The Association of National Olympic Committees (ANOC) and the Qatar Olympic Committee (QOC) signed the 2019 ANOC World Beach Games host city contract and pledged to stage the inaugural event "to the highest standards".
The contract was signed by ANOC Acting President Robin Mitchell, ANOC secretary general Gunilla Lindberg, QOC President HE Sheikh Joaan Bin Hamad Al-Thani and QOC secretary general HE Jassim Rashid Al-Buenain at ANOC headquarters in Lausanne.
The Games, moved to Qatar from San Diego earlier this month, are due to take place from October 12 to 16 and will see athletes from more than 70 NOCs compete.
“Signing this host city contract marks the formalisation of our partnership with the Qatar Olympic Committee," Lindberg said.
"Preparations are well under way and we have been working hard with the QOC to ensure we are ready to welcome NOCs and their athletes in October.
"We are very excited and have complete confidence that Qatar will deliver the Games on time and to the highest standards.
“Qatar has a formidable track record in hosting elite sporting events and also boasts many existing beach venues, minimising the need for additional temporary infrastructure.
"Over the coming weeks we will be welcoming the International Federations and NOCs to Qatar so they can see the venues and stunning beach locations and provide feedback on how we can provide the best environment for the stars of the Games – the athletes.”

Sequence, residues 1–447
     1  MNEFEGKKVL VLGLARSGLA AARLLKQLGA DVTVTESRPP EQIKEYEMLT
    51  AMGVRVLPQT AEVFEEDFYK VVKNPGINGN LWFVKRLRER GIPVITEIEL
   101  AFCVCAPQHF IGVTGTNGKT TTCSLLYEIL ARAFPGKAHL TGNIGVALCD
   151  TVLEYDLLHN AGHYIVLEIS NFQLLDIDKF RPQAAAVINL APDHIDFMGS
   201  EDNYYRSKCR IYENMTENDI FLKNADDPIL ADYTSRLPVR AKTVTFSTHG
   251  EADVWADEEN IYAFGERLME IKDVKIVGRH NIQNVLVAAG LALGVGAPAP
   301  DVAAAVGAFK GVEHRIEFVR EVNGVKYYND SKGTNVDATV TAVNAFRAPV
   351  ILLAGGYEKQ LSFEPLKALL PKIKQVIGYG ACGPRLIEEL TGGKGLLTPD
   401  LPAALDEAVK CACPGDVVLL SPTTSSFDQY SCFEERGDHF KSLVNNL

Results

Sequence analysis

ANOC and the QOC will host participating International Federations at the start of July followed by the NOC Chef de Mission seminar from July 8 to 11.
The Games had been due to be held in San Diego but Californian organisers proved unable to raise the necessary money to fund it.
After shifting the location to Qatar, ANOC said it had received financial guarantees from the Government in the country, which is also hosting this year's International Association of Athletics Federations World Championships from September 28 to October 6 and is due to stage the 2022 FIFA World Cup.
The decision to stage the Games in the Gulf nation comes despite a diplomatic row in the region, which saw Bahrain, Saudi Arabia and the United Arab Emirates cut ties with Qatar in June 2017.
Lindberg has claimed hosting the event in Qatar "makes prudent financial and sporting sense".